The volume of any solid,
liquid, plasma, vacuum or theoretical object is how much three-dimensional space it occupies, often quantified
numerically. One-dimensional figures (such as lines) and two-dimensional shapes (such as squares) are assigned
zero volume in the three-dimensional space. Volume is commonly presented in units such as mL or cm3 (milliliters
or cubic centimeters).

Volumes of some simple shapes, such as regular, straight-edged and circular shapes can be easily calculated
using arithmetic formulas. More complicated shapes can be calculated by integral calculus if a formula exists for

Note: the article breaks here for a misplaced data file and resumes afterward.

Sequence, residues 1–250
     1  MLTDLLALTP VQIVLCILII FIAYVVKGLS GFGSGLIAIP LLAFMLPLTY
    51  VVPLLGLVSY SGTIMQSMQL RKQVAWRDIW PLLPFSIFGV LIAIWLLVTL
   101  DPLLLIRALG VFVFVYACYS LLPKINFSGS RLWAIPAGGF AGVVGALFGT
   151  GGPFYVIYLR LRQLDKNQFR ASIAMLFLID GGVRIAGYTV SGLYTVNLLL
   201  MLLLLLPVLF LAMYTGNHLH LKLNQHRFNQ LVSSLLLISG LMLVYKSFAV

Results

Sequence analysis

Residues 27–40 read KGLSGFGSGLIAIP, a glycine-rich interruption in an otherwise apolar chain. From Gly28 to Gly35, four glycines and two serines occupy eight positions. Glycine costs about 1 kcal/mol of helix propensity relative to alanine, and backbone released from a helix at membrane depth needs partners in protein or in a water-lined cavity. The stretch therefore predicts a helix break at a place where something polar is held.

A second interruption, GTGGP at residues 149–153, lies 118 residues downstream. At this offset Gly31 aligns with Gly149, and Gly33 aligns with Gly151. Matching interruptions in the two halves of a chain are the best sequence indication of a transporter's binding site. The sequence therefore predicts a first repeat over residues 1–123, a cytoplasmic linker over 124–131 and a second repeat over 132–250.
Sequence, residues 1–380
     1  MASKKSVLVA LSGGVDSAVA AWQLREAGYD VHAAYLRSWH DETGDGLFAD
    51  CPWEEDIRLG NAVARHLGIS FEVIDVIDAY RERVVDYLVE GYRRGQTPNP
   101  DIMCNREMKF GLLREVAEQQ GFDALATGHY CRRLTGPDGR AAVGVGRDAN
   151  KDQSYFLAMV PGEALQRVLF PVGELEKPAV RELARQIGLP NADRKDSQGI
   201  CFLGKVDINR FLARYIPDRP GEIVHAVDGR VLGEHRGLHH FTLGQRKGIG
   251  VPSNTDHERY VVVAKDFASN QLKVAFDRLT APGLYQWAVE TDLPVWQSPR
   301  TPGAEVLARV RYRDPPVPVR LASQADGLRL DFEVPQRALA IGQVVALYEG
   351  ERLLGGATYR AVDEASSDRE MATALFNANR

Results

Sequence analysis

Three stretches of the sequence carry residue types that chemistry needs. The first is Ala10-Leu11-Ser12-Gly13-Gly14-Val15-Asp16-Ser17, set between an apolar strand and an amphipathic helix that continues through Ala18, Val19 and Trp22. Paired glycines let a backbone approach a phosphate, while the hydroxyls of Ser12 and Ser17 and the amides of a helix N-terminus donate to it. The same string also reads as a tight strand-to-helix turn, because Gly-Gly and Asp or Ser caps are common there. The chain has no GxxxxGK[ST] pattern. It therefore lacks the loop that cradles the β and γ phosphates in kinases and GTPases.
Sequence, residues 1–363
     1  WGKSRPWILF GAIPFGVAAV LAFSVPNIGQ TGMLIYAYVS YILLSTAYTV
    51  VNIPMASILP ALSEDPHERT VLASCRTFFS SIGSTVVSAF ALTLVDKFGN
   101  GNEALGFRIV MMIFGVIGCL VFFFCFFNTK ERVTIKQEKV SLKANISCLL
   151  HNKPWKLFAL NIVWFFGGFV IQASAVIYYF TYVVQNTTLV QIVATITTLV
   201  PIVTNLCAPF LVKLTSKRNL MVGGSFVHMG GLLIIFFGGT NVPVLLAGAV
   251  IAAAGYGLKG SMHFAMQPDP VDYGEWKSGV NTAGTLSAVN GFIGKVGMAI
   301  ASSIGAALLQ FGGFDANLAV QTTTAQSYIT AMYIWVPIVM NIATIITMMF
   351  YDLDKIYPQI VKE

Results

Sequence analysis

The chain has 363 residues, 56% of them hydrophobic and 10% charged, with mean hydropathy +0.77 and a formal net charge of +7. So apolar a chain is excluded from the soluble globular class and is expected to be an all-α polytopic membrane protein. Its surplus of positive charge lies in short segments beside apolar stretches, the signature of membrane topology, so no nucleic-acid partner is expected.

its boundary. The volume of any shape can be determined by displacement.
- Wikipedia

RF Cafe began life in 1996 as "RF Tools" in an AOL screen name web space totaling
2 MB. Its primary purpose was to provide me with ready access to commonly needed
formulas and reference material while performing my work as an RF system and circuit
design engineer. The World Wide Web (Internet) was largely an unknown entity at
the time and bandwidth was a scarce commodity. Dial-up modems blazed along at 14.4 kbps
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